Until a few days ago, I had never heard of Craig Jepson, and I suspect that that is also true of most New Zealanders. He has suddenly become almost as well-known as Meng Foon, the Race Relations Commissioner. Both men are hugely admired by some; and viscerally disliked by others – though those who admire Meng Foon no doubt detest Craig Jepson and vice versa.
For those who haven’t been following the media lately, Craig Jepson is of course the recently-elected mayor of the Kaipara District. He had the effrontery to point out to a Maori member of his council that reciting a karakia, or any other kind of prayer, at the beginning of a council meeting was quite inappropriate, given that the council is a secular institution.
After what I presume was some discussion with other councillors, Mayor Jepson announced that councillors could take it in turn to say some introductory words prior to council meetings, but these introductory words would not be part of the formal proceedings.
This wasn’t good enough for some Maori who insisted that reciting a karakia at the commencement of council meetings was some kind of absolute right, presumably guaranteed by the Treaty of Waitangi. They turned up in numbers prior to the council meeting this week, and ten of them were allowed to speak in what councils call Public Forum. Speaker after speaker denounced the mayor, and accused him of arrogance and racism.
But the mayor was absolutely right, and I have long been mystified by the willingness of councils to tolerate the intrusion of Maori customs into formal council meetings.
I recently attended the first meeting of a district council following the recent local body elections. Male councillors were seated in the front row; female councillors in the row behind. The meeting began with a karakia and several rather lengthy speeches in the Maori language. No translation was provided. Very few, if any, of the councillors understood what was being said.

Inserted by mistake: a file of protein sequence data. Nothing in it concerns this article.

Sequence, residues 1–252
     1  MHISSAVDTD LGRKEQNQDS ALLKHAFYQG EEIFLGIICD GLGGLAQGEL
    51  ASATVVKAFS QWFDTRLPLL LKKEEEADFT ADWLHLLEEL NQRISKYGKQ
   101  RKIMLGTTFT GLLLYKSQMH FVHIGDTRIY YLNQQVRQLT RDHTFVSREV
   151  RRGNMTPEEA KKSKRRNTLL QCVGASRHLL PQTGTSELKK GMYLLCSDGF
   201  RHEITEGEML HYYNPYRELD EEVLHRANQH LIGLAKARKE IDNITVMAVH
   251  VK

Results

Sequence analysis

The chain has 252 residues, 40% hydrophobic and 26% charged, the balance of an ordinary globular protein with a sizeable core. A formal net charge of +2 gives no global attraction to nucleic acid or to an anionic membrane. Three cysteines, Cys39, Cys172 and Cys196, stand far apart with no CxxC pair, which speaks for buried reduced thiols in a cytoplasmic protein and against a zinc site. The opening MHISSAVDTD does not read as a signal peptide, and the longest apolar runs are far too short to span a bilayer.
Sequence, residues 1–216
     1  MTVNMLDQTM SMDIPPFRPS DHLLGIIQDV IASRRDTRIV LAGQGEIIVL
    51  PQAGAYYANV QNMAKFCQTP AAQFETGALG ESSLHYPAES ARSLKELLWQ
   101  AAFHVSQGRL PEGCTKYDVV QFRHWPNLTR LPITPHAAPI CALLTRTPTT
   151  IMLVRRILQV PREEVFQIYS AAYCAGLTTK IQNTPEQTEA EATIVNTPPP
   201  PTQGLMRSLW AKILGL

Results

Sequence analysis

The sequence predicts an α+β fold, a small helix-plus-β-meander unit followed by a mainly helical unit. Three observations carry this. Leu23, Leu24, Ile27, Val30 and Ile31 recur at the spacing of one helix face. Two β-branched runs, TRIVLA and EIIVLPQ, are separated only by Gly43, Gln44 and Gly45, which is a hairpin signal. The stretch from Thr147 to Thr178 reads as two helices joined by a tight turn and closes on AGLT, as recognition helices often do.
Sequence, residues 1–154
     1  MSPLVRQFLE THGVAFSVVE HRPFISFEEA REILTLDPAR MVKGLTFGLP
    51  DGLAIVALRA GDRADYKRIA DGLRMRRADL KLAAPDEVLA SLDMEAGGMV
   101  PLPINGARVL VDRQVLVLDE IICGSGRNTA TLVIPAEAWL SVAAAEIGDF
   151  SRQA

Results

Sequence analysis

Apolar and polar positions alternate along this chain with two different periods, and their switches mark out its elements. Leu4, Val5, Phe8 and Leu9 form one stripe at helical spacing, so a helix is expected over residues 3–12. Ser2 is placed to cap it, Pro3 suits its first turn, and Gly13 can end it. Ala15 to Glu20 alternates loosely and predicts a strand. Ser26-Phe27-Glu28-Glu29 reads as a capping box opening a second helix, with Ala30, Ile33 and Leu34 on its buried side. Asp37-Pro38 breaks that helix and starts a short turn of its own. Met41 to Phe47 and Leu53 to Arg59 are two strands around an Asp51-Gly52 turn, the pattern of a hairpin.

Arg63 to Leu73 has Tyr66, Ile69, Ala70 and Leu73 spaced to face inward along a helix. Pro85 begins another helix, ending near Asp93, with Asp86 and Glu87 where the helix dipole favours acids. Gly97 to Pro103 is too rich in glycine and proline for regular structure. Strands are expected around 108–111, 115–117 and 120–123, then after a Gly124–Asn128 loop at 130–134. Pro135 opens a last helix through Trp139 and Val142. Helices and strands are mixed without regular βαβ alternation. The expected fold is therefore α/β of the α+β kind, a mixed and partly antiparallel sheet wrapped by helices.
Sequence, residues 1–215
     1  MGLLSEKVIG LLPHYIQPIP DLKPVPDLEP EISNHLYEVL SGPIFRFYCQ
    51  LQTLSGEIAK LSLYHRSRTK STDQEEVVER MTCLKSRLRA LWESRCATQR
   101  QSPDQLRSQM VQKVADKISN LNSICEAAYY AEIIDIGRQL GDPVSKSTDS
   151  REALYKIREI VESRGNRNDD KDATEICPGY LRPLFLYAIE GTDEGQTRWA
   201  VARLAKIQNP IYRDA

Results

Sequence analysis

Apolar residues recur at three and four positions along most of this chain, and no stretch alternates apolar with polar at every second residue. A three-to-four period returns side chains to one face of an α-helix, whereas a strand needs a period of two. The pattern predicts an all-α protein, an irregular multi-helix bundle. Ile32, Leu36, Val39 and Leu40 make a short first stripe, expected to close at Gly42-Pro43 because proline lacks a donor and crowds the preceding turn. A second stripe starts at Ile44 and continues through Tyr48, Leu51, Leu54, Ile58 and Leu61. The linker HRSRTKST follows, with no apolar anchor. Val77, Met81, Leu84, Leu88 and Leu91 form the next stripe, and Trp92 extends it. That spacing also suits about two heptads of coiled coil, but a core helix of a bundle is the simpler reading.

Yes, the Maori language is one of New Zealand’s official languages (with sign language being the other official language), but to speak in a language which none of your listeners understand is at least inconsiderate if not downright rude. It is certainly no way to encourage understanding, or the way to convey information.
If a Catholic councillor wanted to open a council meeting by reciting the Rosary, nobody would be surprised if the mayor advised the councillor that reciting the Rosary would be inappropriate given that the council is an entirely secular institution.
I hope lots of people send Mayor Jepson supportive messages because he may be treading a lonely path. He needs to know that lots of New Zealanders, including no doubt lots of Maori New Zealanders, support him. His email address is firstname.lastname@example.org